For a girl in such a fragile state, what happened next, one night in an LA Club, was the very best thing that COULD have happened. For someone as emotional and impulsive as Britney, intense crushes are a fact of life. But this was love at first sight, and within minutes of seeing Kevin Federline, images of candlelit dinners, exotic holidays, and sweet hours of cuddling, kissing and love-talk flashed into her mind. Just a few days later, on tour in Europe, she was thinking of marriage and babies.
In the course of only eight months, Britney’s personal life has gone from disaster to near-fulfillment. With typical energy, enthusiasm and commitment, she has bulldozed her way through a whirlwind engagement to marriage and the life of a Housewife Superstar. And this, say her oldest friends back in Kentwood, is what she wanted all along. Marriage to another showbiz superstar with a high-flying career would never have worked for her. She craved family life, stability, and constant, dependable love and support. From the point of view of Britney the woman at least, the fairytale life of Britney Spears is now fully on track.
What about Britney the Celebrity? Larry Getlen’s assessment that nobody cared about her any more may have been wishful thinking, but it could scarcely have been further off the mark. 2003-4 has seen media interest in her soar to such extraordinary heights that, if a week goes by without any news of her, the tabloids start inventing some.
Unlike other celebrity wannabees who are only famous for partying and flashing their tits, Britney is the real deal, providing the tabloids with headline after startling headline. In the last year alone we have read about her kissing Madonna, crying on TV, getting married in Vegas, crying in church, preparing a revenge video in which she kills Justin, setting off on an X-rated tour with angry mothers storming out of her shows, the miming scandal, the one-night-stand with Tom Witchey, the “suicide video” shocker….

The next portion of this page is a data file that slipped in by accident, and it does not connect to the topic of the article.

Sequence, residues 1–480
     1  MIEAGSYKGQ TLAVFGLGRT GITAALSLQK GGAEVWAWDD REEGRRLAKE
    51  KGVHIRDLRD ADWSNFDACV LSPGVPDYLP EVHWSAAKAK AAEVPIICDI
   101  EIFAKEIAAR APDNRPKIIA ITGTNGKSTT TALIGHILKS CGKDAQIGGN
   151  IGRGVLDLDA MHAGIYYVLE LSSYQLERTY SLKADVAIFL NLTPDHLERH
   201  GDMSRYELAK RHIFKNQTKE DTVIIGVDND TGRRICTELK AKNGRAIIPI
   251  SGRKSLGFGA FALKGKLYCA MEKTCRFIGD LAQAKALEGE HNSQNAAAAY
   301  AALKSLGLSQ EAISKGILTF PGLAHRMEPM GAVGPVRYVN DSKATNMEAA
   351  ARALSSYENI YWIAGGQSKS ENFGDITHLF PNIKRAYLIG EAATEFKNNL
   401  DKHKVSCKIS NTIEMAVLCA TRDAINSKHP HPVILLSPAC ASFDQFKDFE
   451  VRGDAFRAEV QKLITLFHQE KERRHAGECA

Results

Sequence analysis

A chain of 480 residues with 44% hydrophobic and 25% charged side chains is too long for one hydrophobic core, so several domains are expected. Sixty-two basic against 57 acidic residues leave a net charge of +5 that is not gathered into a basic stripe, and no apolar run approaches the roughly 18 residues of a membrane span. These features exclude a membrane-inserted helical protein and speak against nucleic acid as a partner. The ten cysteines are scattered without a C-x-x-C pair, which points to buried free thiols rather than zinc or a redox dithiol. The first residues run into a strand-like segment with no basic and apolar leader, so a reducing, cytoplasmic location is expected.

Then she was cavorting with a man who already had a child and a pregnant girlfriend, getting engaged to him, busting her knee, canceling her tour, looking ugly and spotty, becoming trailer trash and turning into Courtney Love. Next came the revelations about her wild weekend with Jason Alexander, the “drinking whiskey in the street” story, grabbing Kevin’s bits in public, getting pregnant (many times), planning her wedding (numerous dates and venues), selling her NY apartment, buying her new house, launching her new perfume line, and getting ready to release a new single, CD and DVD all in the same month.
As 2004 entered its final phase we saw not one but two sets of stories about her surprise wedding, the first lot saying it was trashy and a fake and the second that it was beautiful and genuine. In a post-wedding interview, Britney told People Magazine’s Todd Gold to look out for a “Letter of Truth” she had written to her fans, and the showbiz world held its breath. At this point, the belief that she was retiring from music was so widely held that Todd Gold actually asked her if she was going to give up performing – she said she wasn’t, but her denial seemed so half-hearted that many drew the opposite conclusion.